A traffic light timing study is under way, and new plans could be implemented early this year, city officials said in December.
Oak Ridge Today asked about the signal timing project during a December interview with Oak Ridge Electric Director Jack Suggs and Jon van Eek, power utilization program supervisor in the Oak Ridge Electric Department. That interview focused on radar-based traffic detectors at six intersections in Oak Ridge.
The City of Oak Ridge announced in September 2014 that it had been awarded a Tennessee Department of Transportation grant for $237,500 for a signal timing optimization project.
Suggs and van Eek said the timing study is under way, and they hope to have new plans implemented after January 1, 2016. The plan is to move the maximum number of cars in all directions and to move the maximum number of vehicles, Suggs said.
The signal timing optimization grant is funded by the Congestion Mitigation and Air Quality Improvement Program, or CMAQ, which supports transportation projects that reduce air emissions from on-road sources and non-road sources, as well as projects that reduce traffic congestion, a press release said.
“The city is pleased to receive this grant which will significantly enhance air quality and reduce congested roadways,” former Oak Ridge City Engineer Steve Byrd said at the time.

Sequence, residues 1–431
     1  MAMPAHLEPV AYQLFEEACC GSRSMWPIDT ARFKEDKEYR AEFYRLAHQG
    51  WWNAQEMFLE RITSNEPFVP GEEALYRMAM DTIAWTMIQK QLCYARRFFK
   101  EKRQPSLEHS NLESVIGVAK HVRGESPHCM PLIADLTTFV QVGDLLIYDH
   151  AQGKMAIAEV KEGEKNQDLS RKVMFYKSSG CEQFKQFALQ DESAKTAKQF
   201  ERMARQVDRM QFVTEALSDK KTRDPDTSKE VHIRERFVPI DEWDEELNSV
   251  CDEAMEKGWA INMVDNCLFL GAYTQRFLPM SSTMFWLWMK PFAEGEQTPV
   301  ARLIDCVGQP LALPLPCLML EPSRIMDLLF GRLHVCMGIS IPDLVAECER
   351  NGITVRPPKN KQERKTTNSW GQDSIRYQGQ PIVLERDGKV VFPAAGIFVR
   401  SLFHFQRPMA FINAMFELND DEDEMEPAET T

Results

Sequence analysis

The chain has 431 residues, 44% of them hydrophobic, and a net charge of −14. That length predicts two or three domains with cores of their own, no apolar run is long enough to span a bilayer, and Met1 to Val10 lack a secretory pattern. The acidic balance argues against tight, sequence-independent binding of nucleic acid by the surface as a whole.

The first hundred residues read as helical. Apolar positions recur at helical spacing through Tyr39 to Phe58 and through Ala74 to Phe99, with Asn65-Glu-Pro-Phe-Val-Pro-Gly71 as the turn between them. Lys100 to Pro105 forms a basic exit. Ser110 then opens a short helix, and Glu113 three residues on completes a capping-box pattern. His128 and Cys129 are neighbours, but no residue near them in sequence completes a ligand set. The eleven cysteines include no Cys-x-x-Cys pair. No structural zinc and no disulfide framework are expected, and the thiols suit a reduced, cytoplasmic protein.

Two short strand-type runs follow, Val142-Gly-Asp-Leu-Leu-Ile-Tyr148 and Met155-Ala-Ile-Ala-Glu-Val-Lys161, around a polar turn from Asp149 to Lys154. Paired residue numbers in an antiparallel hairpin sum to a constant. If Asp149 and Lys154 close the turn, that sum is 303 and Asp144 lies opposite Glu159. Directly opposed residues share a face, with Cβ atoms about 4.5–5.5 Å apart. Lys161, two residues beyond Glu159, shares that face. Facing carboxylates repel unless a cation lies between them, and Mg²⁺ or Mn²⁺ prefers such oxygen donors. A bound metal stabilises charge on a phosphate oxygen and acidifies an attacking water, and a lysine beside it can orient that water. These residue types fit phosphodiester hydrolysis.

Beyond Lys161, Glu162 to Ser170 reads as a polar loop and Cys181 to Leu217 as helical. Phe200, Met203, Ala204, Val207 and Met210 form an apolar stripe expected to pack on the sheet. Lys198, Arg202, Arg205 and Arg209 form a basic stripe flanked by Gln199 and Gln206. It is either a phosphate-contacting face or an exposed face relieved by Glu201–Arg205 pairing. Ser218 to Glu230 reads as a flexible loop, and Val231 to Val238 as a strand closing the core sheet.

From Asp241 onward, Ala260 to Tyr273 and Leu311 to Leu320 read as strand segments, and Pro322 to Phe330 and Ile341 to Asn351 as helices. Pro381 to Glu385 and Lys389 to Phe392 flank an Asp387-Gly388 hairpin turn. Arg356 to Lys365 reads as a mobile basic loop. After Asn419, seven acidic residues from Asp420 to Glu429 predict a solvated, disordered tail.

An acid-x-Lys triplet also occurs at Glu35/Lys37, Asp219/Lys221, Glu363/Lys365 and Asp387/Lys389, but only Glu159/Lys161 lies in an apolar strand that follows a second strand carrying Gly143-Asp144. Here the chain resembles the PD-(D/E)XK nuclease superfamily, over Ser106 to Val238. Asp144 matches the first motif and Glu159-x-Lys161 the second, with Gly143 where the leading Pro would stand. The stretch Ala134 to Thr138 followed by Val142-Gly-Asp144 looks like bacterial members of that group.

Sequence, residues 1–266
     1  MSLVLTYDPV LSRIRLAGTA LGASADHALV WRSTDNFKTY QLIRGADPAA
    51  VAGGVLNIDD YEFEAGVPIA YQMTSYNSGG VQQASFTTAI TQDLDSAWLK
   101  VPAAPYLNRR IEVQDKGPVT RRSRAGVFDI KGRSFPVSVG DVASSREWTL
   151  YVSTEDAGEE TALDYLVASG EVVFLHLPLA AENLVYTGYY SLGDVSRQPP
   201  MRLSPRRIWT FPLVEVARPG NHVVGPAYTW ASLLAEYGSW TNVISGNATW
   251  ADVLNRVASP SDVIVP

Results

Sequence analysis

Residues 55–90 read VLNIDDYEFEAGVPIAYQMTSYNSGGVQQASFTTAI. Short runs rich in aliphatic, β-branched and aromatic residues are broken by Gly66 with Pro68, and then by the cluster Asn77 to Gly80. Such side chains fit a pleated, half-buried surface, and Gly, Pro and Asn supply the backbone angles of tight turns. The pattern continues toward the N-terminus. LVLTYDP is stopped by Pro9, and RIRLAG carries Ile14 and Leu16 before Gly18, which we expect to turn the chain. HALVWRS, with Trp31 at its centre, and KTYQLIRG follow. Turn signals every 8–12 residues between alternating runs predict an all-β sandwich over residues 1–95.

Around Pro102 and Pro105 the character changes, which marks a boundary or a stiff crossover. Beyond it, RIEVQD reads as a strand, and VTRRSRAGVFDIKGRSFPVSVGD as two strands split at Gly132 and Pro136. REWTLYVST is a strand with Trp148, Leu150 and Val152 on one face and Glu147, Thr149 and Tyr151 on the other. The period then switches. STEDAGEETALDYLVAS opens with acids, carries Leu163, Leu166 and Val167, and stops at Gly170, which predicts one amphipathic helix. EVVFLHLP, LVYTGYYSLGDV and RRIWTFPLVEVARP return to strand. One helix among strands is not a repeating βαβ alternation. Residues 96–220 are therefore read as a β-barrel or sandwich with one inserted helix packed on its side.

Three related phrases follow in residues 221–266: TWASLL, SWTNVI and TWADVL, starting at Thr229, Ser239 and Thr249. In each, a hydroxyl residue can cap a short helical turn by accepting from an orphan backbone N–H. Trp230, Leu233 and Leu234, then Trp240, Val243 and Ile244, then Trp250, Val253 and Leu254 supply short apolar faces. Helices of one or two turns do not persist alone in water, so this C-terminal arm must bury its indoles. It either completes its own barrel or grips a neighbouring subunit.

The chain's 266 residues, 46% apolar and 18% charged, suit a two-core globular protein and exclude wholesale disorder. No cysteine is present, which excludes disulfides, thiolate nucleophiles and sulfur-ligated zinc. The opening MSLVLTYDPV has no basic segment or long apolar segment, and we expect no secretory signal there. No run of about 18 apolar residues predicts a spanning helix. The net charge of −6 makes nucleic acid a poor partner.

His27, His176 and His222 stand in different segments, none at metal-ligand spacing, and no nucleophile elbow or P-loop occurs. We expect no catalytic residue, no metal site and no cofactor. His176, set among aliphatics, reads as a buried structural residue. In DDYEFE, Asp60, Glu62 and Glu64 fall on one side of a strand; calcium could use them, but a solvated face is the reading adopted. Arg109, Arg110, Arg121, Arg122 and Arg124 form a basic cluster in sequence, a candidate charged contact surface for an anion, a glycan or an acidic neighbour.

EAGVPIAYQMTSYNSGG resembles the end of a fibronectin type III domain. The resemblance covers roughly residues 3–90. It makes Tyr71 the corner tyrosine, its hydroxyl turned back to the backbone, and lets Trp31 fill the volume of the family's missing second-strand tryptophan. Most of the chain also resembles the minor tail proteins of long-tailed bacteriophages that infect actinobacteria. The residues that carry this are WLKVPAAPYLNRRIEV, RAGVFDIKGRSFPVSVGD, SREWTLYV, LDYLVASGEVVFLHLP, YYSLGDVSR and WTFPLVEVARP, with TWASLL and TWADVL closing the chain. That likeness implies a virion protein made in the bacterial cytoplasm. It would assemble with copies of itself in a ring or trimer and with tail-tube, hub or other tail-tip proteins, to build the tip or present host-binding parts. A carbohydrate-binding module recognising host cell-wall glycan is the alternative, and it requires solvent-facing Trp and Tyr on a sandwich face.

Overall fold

The signal timing optimization project will target 26 traffic signals on Illinois Avenue, Oak Ridge Turnpike, and Lafayette Drive. The program will synchronize these lights in order to improve traffic flow, reduce congestion and vehicle idling, and decrease commuter travel time.
This project was also expected to support the city’s Climate Action Plan, which was developed by the Environmental Quality Advisory Board and adopted by City Council. This plan is part of an initiative to make Oak Ridge more sustainable, attract and retain new residents and businesses, and reduce the city’s greenhouse gas emissions.
The TDOT grant was expected to allow the city to collect informative data about traffic patterns. These data include turning movements at each intersection, existing signal timing data, infrastructure deficiencies, and travel time runs. Once data is gathered, timing plans will be implemented and adjusted if necessary.
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